Preheat the oven to 350ºF. Combine the flour, baking soda, and salt in a bowl and set aside. In a large bowl, combine the margarine, baking stevia, and sugar and beat with an electric mixer until smooth. Add the egg and vanilla and beat until combined. Add the flour mixture and beat until all the flour is combined. Stir in the chocolate chips and walnuts with a mixing spoon until incorporated.

Drop the dough, one teaspoonful at a time, onto an ungreased baking sheet. Bake for 10 to 15 minutes or until the cookies are just browned. Remove from the sheet to cool, Makes about 5 dozen cookies.

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Guess it would be more normal to have a picture of plate full of cookies, but this is all we have left!

These cookies were really good—no need to grade them on a curve. And of course they’re not exactly a health food, but a treat. Just one that happens to have a bit of fiber, low sat fat, and somewhat fewer carbohydrates.


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Vieni wines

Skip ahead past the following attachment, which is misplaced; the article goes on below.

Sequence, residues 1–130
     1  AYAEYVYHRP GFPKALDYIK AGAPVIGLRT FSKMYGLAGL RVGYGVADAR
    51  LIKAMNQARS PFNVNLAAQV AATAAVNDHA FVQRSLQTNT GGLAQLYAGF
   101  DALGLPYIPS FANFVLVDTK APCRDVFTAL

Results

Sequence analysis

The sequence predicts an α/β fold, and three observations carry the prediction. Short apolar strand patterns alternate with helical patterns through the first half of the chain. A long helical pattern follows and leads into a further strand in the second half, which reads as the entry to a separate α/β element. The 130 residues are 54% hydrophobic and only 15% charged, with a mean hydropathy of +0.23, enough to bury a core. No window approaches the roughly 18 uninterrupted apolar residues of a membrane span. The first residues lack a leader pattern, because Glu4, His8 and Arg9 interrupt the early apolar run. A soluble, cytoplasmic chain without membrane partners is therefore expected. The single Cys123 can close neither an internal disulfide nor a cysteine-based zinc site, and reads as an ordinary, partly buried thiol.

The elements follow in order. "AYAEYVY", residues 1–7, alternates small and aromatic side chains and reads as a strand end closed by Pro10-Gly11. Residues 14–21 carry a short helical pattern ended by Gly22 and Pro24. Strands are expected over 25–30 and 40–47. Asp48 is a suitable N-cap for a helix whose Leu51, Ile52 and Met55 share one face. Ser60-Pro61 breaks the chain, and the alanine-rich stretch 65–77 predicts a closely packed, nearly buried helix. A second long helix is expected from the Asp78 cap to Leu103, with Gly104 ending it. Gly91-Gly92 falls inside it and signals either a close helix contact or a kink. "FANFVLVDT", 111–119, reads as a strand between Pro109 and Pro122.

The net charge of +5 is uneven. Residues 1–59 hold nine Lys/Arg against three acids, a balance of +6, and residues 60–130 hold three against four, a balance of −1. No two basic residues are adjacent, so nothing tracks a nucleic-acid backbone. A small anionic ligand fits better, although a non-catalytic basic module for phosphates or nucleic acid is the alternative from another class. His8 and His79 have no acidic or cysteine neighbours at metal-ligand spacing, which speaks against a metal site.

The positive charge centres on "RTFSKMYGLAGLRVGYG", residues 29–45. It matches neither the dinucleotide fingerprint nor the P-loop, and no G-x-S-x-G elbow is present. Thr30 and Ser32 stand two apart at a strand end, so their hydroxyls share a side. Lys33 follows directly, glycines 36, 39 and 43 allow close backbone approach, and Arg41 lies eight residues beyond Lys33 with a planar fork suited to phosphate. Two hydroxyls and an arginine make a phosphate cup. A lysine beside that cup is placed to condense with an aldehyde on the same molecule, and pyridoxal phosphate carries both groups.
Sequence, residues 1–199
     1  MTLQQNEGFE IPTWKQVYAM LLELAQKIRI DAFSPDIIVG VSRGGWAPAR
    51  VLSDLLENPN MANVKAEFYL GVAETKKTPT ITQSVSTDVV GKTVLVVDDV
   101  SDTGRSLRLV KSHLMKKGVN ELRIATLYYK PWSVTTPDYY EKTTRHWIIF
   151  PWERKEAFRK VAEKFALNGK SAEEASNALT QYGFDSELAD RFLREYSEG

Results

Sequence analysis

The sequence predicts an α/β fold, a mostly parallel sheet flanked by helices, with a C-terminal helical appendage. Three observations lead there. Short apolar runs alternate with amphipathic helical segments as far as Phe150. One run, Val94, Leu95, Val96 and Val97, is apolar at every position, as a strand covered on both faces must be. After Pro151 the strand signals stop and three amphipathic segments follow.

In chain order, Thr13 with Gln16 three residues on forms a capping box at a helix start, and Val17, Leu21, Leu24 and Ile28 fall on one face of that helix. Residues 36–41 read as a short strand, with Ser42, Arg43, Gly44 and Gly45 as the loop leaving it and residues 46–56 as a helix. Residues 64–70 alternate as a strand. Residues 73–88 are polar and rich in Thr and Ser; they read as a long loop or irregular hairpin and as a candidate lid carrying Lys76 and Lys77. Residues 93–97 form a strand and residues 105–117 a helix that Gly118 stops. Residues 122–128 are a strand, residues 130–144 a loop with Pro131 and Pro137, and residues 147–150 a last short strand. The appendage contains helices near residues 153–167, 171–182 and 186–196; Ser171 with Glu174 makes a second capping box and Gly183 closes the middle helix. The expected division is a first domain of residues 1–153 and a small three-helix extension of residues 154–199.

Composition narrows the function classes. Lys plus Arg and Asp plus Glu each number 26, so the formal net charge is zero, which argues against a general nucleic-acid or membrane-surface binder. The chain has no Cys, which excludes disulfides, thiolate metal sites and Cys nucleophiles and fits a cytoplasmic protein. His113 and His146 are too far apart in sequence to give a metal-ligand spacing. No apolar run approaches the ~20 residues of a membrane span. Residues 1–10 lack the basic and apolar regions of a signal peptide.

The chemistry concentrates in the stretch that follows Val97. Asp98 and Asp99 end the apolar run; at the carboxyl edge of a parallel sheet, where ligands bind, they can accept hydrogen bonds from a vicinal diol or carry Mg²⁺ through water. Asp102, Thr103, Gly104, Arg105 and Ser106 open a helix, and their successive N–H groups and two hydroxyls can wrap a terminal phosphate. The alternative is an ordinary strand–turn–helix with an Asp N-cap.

Not taking our usual Spring trip this year has given us a bit of restlessness, I think. Hence, a couple weeks ago, my comment that were out of rosé and low on “everyday reds” inspired us to take a road trip to Beamsville wine country, rather than just amble over to our local LCBO.

Our first stop was Aure wines, where the attendant recognized us immediately, despite our having been there exactly 1 (one) time before, in October. (Mind you, we did stay for a long chat and lunch that time.) They have a small wine list, and didn’t have too much new for us try, other than a Chardonnay that purchased a bottle of.

We did get a preview taste of the upcoming Viognier release, though, and it will be really nice. Jean also stocked up on some of the Pinot Blanc he enjoys (though at the rate he’s currently drinking it, our five bottles could last five years).

They were not serving lunch, however, so we headed over to The Good Earth winery for that. It being Sunday, they had a brunch menu, which I wasn’t entirely in the mood for. I ordered the strata, which seemed the least breakfast-y option. It was quite tasty.